AwardsThere are several factors that can indicate the success of a product and we at RGB can check at least two off our list. We are having tremendous success in the field with our products in trials and deployment around the world. Our customers are finding the unique benefits of our products to be exactly what they need as they scale their multiscreen deployments to meet the growing demand from subscribers for video on any device. Stay tuned to this space for more details on this aspect of our success as our customers reach the phase where they’re prepared to go public with details.

A second key factor is the recognition by industry experts and respected organizations for innovation and unique contributions to the industry. In this vein, we are delighted to announce that RGB’s TransAct Packager and our combined VMG/TransAct Packager multiscreen solution have been named as finalists in the CSI Awards and the ConnectedTV Awards respectively, both to be presented at the upcoming IBC event.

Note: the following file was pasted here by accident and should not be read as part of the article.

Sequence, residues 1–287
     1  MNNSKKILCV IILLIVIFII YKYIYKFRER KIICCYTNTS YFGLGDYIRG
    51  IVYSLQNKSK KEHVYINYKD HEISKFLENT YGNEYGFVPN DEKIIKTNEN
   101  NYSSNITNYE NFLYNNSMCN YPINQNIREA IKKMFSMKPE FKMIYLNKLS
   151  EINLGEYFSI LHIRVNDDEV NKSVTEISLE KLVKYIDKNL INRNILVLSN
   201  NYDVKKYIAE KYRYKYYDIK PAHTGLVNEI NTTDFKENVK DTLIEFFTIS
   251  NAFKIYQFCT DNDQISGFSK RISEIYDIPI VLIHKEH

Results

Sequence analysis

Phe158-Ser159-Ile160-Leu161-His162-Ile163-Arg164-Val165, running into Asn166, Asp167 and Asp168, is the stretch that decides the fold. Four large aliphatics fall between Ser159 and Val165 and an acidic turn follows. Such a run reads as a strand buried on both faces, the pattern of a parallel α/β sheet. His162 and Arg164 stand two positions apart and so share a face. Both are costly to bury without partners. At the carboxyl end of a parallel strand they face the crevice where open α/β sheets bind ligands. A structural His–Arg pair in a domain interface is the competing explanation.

Shortlisted for the “Best Mobile TV Technology” category for the CSI Awards, RGB’s TransAct Packager faces some worthy competition. While in the inaugural ConnectedTV awards, RGB’s combined VMG/TransAct Packager is up for the “Content Delivery Technology” award alongside several strong contenders.

We at RGB are thrilled about this recognition and believe it’s just one indication of what promises to be a very exciting IBC. We hope you’ll stop by our stand (#4.C78) at the show and learn more about our award-worthy solutions and other innovative developments to come.